After all, airplanes do not feel. Or, do they?
The cockpit felt like a sauna in the Arizona heat. Not only was I enduring the summer heat, but so was the airplane. How might an airplane suffer from heat? After all, airplanes do not feel? Or do they?
Flying on a cool Florida morning or evening, you will notice ample runway remaining before lift-off and how eager the airplane climbs. Fly on a hot, muggy afternoon, and the runway remaining before lift-off will be far less. The airplane would climb much slower, as well.
Temperature, pressure, and moisture (dewpoint) in the air affects our airplanes’ performance: an increase required in runway length, a reduced climb rate, and decreased performance in cruise and landing.
The density of air from atmospheric conditions are one of the most important factors affecting aircraft performance, this is called density altitude. Less dense air causes a reduction in lift generated by the wings and would reduce power output, which reduces the effectiveness of propellers. Density altitude’s definition is pressure altitude corrected for non-standard temperature. Stated differently, an airplane might feel (perform) as though taking-off or cruising at a higher altitude than actual.
It’s actually quite simple understanding density altitude. The more air molecules flowing over the wings, the more lift generated. The more air molecules entering the cylinders allows for burning more fuel, which means more power. Therefore, increasing air molecules increases performance, and decreasing air molecules decreases performance.
How do air molecules increase or decrease in the atmosphere? Atmospheric conditions!
Pressure is the weight of air molecules. Gravity pulls air molecules as close as possible to the ground and these molecules push against each other. The higher air molecules go, the less gravity and pushing against each other. Weighing these air molecules is called air pressure. So, air pressure is less as altitude increases.
Temperature also affects density altitude. The amount of heat in the air makes air molecules move quickly and push against each other. These active air molecules expand and rise quickly.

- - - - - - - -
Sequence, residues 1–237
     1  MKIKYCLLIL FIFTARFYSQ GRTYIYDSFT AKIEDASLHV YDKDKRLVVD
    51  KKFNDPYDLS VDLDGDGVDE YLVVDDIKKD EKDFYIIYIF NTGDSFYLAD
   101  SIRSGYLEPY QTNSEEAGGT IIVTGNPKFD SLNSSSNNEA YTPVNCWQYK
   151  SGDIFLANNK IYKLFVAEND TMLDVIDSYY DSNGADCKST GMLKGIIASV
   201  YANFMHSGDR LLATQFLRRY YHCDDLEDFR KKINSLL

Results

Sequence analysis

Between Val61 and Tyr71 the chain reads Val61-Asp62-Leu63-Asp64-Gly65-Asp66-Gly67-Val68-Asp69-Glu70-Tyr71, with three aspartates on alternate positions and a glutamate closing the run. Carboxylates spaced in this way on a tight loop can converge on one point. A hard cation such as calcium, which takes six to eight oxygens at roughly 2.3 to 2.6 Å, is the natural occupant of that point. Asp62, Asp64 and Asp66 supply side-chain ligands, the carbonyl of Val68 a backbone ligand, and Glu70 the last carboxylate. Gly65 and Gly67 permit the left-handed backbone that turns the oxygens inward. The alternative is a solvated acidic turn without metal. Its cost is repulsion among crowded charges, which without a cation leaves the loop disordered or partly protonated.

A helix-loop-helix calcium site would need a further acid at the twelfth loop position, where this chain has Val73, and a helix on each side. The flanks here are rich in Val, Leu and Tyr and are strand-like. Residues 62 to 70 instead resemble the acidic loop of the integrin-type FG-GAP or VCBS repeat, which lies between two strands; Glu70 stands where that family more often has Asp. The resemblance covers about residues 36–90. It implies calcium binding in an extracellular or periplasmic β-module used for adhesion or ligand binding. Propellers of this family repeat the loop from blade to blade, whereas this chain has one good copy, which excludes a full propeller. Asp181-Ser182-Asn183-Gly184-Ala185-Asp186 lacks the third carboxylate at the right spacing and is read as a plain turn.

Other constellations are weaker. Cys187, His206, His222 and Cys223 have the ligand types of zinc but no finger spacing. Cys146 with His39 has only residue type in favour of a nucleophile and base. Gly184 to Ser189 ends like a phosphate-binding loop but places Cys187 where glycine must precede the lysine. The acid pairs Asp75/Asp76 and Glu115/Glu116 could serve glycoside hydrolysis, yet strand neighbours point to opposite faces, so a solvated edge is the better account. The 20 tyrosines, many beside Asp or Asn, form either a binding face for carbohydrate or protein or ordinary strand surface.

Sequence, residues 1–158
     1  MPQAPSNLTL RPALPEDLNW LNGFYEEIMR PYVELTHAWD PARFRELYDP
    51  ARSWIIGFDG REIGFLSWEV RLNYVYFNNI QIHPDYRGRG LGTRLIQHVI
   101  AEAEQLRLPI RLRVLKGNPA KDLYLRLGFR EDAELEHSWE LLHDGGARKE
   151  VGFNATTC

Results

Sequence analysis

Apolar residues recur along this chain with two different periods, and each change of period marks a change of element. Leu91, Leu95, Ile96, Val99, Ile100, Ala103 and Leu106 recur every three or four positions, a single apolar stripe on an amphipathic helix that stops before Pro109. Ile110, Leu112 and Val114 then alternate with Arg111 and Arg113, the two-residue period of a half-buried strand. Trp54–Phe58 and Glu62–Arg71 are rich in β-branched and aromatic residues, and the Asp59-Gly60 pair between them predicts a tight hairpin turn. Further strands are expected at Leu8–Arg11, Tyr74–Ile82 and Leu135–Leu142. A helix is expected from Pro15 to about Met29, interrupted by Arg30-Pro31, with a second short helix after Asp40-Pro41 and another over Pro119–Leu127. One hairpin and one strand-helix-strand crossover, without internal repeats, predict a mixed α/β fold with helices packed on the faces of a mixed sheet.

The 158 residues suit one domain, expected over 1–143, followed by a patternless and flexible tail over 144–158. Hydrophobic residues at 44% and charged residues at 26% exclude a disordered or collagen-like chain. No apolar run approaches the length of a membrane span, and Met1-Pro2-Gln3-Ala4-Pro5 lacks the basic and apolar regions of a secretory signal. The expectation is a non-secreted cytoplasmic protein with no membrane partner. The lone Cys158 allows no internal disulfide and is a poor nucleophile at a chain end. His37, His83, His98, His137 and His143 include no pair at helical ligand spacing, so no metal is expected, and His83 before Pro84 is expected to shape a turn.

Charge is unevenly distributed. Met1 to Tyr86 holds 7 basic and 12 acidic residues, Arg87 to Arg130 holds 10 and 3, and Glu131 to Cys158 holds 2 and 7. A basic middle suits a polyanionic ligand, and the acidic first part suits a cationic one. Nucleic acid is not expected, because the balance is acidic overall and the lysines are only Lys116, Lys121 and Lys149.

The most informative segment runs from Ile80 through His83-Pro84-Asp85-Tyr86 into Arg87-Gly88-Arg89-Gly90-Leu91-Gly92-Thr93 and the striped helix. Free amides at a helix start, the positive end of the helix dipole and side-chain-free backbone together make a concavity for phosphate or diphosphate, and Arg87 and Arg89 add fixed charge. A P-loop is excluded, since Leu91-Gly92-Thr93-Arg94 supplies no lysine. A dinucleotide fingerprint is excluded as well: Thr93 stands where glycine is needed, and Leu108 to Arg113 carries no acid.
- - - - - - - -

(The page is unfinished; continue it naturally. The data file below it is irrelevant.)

There are fewer air molecules around us when the molecules are warm and moist because water vapor is lighter than air. Warm, moist air molecules rise even quicker.
Sitting in the cockpit before taking off at Prescott, Arizona (KPRC), the airplane has fewer air molecules for lift and power. KPRC airport is located 5000 feet above the sea (MSL) on a plateau between 2 mountain ridges. There are fewer air molecules at 5000 feet MSL than at lower altitudes. On this hot, moist day the air molecules had risen even quicker, creating even fewer air molecules for the wings, engines, and propellers.
High altitude, high temperature, and high moisture content in the atmosphere reduced my airplane’s performance. This is known as the 3 Hs. The airplane’s performance on that day had a density altitude of 10,000 feet MSL. Instead of the airplane performing from the airport elevation of 5000 feet MSL, it performed as if I’d be taking off at 10,000 feet MSL. Under these conditions the 7,000 feet of runway was not enough. What was my alternative? Fly early or late when the temperature was cooler and there was less moisture in the air. Or, wait for another day.
On hot, humid Florida days, density altitude could increase as much as 2000 feet MSL. The airplane will feel as though it’s taking off, climbing, and landing at an airport located at this altitude instead of New Smyrna Beach Airport’s elevation of 10 feet MSL. It is important to understand the effects of atmospheric conditions on the performance of the airplane. Know how your airplane feels before entering the cockpit!